In the lovely, small medieval town of Kamnik, nestled at the foot of the Julian Alps, which rise precipitously above the red-tiled roofs, there stands a new bistro that is about to offer the notoriously cautious and xenophobic Slovene eaters a menu option that few, if any, will have tried before. It is neither bizarre nor exotic, but the 20-something owners of Ekstaza Bistro wonder if any of their customers will order it. For this summer, American-style pancakes will be offered to the hungry citizens of Kamnik. Slovenes love their pancakes (called palačinke), but by this they mean European crȇpes. They are smaller and less fancy than the French version, made in a normal skillet with low sides and filled with apricot marmalade or Nutella, then rolled into a tube to be eaten by hand. The French fill theirs with ingredients savory (crème fraiche, lardons, gruyere) or sweet (powdered sugar and Grand Marnier), and have a specially-made flat, round hotplate onto which batter is poured, then smoothed across the hot surface with an offset spatula.
These European “pancakes” originated in Brittany, in the north of France. When made with wheat flour they are called crȇpes, and galettes when made with buckwheat flour. Europeans have made thin, flat pancakes of various sorts for millennia, with a reference to “frying pan cakes” found in the work of 5th century BC Greek poets. The earliest pancakes were made with spelt flour. “Pancake” first appears in a 15th century English document, while the word crȇpes comes from the Latin crispus, meaning “curled.” Historians date galettes to the 12th century, when buckwheat was first introduced to Europe and planted in the rocky soil of Brittany, where it was called “blé noir” or “black wheat.” The word galette means “pebble” and refers to the original cooking method, with batter poured over a large round heated stone. Crȇpes made with white flour only prospered in the 20th century, since until then white flour was prohibitively expensive as an ingredient.
European crȇpes, from Slovene palačinke to Swedish pancakes to Dutch pannenkoeken to AustrianPalatschinken, this basic recipe is among the most popular desserts in the world today. The biggest difference between crȇpes and palačinke is that crȇpe batter should be left to sit for at least several hours before use, whereas palačinke batter is used immediately. Although it may now have unappetizing connotations, the etymology of palačinke comes from the Latin word for flat cake, placenta. American pancakes include the same basic ingredients (flour, eggs, milk, butter), but also have a rising ingredient, usually baking soda or powder. They are, quite literally, cakes that you make in a pan, rather than the oven. Also called hotcakes, flapjacks, and griddle cakes, they have more of a texture, whereas crȇpes are completely flat and largely a conduit for their filling.
American pancakes are often served in stacks, with butter and maple syrup—an ingredient that is difficult to find in Europe, despite the reasonable number of maple trees that grow there. The thickness of pancakes allows additions to be mixed into the batter, from bananas, blueberries, or chocolate chips to bacon. The rising agent in the batter causes bubbles to form on the uncooked side as the dough heats, a sign that the pancake is ready to be flipped. American-style pancakes likely began in the form of Johnnycakes, a savory flatbread made with cornmeal. Flapjacks, usually around 10 cm in diameter, are at least five-hundred years old, as they are referenced in Shakespeare’s All’s Well That End’s Well.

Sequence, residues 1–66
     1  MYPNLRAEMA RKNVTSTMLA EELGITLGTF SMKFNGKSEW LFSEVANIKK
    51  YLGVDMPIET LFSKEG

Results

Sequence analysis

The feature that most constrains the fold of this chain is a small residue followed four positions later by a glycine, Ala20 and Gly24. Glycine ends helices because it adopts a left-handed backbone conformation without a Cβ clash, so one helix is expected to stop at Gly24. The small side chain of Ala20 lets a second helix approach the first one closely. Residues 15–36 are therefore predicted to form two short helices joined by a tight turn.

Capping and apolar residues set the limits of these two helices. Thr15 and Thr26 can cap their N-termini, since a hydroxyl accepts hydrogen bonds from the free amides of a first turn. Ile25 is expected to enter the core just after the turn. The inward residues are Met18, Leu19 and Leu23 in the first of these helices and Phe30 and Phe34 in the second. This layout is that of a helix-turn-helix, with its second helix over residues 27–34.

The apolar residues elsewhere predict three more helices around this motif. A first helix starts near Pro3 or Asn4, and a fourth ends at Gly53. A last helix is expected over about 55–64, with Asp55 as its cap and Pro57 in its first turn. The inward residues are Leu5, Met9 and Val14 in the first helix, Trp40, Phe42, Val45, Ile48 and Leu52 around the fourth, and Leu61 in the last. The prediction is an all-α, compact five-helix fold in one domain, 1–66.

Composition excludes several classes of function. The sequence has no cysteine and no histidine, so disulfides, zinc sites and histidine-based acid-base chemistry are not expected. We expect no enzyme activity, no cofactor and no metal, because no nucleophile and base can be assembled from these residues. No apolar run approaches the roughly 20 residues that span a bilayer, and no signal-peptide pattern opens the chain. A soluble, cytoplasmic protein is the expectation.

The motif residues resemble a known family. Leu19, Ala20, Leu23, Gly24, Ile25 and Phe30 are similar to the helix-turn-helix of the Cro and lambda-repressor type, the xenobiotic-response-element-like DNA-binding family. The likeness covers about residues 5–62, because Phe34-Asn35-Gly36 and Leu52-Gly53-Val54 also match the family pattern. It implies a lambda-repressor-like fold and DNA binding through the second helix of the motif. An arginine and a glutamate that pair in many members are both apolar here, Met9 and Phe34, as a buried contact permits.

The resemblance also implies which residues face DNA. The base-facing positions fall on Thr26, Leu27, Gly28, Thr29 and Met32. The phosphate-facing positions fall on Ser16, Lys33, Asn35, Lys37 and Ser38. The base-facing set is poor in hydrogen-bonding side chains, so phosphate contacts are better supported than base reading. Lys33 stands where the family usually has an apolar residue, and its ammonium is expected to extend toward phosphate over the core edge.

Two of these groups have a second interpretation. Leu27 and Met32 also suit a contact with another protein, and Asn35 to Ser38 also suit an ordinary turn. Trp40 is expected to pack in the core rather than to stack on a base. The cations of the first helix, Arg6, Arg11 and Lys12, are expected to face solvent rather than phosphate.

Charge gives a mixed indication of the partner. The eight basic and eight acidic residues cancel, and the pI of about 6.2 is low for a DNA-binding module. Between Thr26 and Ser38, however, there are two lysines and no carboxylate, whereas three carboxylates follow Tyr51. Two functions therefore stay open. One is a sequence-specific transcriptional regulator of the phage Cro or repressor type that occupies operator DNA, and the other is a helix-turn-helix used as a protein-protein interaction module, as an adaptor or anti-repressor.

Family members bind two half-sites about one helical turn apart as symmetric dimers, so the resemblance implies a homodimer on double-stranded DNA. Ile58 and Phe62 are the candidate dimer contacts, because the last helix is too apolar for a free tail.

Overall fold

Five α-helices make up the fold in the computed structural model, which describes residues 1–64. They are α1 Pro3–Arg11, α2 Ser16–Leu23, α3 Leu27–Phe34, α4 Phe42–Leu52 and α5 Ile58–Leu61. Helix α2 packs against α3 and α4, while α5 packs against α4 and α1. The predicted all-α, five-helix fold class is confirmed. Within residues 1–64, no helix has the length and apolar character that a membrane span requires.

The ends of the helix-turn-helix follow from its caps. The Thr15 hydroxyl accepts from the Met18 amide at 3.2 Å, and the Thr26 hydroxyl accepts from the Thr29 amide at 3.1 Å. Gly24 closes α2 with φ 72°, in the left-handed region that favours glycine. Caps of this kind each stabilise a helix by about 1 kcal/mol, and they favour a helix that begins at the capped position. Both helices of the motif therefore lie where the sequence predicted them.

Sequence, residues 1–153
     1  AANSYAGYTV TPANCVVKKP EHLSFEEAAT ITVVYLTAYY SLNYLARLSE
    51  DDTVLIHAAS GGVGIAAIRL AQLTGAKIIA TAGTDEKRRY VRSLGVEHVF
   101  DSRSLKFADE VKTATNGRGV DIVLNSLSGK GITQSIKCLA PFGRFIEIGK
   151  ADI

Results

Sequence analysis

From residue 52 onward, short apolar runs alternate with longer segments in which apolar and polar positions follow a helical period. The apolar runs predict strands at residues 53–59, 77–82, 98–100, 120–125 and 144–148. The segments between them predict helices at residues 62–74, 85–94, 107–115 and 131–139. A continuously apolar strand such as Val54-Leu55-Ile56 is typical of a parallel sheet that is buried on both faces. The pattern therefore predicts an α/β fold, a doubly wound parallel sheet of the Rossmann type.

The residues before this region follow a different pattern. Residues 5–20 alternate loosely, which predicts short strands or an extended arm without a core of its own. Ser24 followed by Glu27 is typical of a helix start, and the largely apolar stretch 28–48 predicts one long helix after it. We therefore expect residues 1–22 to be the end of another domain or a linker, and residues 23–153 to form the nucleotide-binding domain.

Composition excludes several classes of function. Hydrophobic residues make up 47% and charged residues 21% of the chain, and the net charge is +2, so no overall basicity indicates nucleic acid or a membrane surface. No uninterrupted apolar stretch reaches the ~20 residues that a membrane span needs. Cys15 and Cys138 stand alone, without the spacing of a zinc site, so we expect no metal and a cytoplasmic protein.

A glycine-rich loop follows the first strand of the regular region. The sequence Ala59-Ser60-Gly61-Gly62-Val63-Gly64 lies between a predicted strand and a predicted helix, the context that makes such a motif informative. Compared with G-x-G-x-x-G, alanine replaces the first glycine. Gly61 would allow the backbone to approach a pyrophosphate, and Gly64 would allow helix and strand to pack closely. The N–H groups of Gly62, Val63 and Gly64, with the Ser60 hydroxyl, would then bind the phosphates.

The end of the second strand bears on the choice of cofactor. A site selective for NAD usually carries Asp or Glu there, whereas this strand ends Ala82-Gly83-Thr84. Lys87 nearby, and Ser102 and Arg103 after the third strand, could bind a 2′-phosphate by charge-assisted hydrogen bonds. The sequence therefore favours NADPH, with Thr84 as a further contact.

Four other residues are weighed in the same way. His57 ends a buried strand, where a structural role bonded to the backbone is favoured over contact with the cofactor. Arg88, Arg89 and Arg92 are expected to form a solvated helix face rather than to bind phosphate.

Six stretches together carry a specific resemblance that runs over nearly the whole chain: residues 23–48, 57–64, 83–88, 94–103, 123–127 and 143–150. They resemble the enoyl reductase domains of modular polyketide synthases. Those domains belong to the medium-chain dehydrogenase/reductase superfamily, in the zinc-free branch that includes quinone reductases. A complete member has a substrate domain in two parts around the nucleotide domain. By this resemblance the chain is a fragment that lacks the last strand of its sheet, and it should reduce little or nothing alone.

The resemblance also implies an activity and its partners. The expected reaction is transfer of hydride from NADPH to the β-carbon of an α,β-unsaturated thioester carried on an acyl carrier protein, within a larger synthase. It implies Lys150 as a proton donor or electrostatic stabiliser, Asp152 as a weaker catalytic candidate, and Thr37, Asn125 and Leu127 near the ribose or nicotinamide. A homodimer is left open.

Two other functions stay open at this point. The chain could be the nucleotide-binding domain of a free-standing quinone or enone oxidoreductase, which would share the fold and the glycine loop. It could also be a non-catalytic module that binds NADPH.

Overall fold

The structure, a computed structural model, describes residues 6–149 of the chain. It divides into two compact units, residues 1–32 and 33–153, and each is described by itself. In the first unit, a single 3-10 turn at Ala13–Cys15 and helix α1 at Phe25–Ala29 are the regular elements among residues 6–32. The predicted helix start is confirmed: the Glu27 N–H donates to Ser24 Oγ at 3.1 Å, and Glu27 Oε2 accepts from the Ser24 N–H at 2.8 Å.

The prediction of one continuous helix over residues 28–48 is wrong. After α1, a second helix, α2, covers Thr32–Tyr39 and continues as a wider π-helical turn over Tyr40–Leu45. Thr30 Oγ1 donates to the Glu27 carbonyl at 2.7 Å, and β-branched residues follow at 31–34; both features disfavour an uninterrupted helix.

Etymology, history, and similarities aside, your average Slovene will not have encountered the fluffy, American incarnation of their beloved palačinke. Jure Bartol and Domen Meglič, the young entrepreneurs behind Ekstaza, are less than optimistic about the willingness of Slovenes to order things that they’ve never tried before. Perhaps in Slovenia’s capital, Ljubljana, things are different—the city boasts a popular Nepali restaurant, among its culinary wonders. But rural Slovenes tend to be resistant to new foods. This is understandable—before Slovenia’s independence from Yugoslavia, in 1991, the shelves of grocery stores carried limited offerings. Folks ate what they or their neighbors cultivated themselves, and shops stocked a narrow array of goods, almost all of which was produced within Yugoslavia. The exotic simply was not available. Today, supermarkets in Slovenia stock everything from kim chee to sri racha hot sauce, but the tastes of the locals have been slow to develop. When the first Chinese restaurant set up shop in Ljubljana, the initial reaction was confusion and dismissal. A few years on, and Chinese restaurants thrive. Could the same thing happen with the introduction of far less exotic American pancakes? When summer rolls around, and Ameriške palačinke appear on the menu at Ekstaza, it will be interesting to find out. But if Slovenes are slow to come around, it is likely only a matter of time. Whether European or American, there is little better than a good pancake.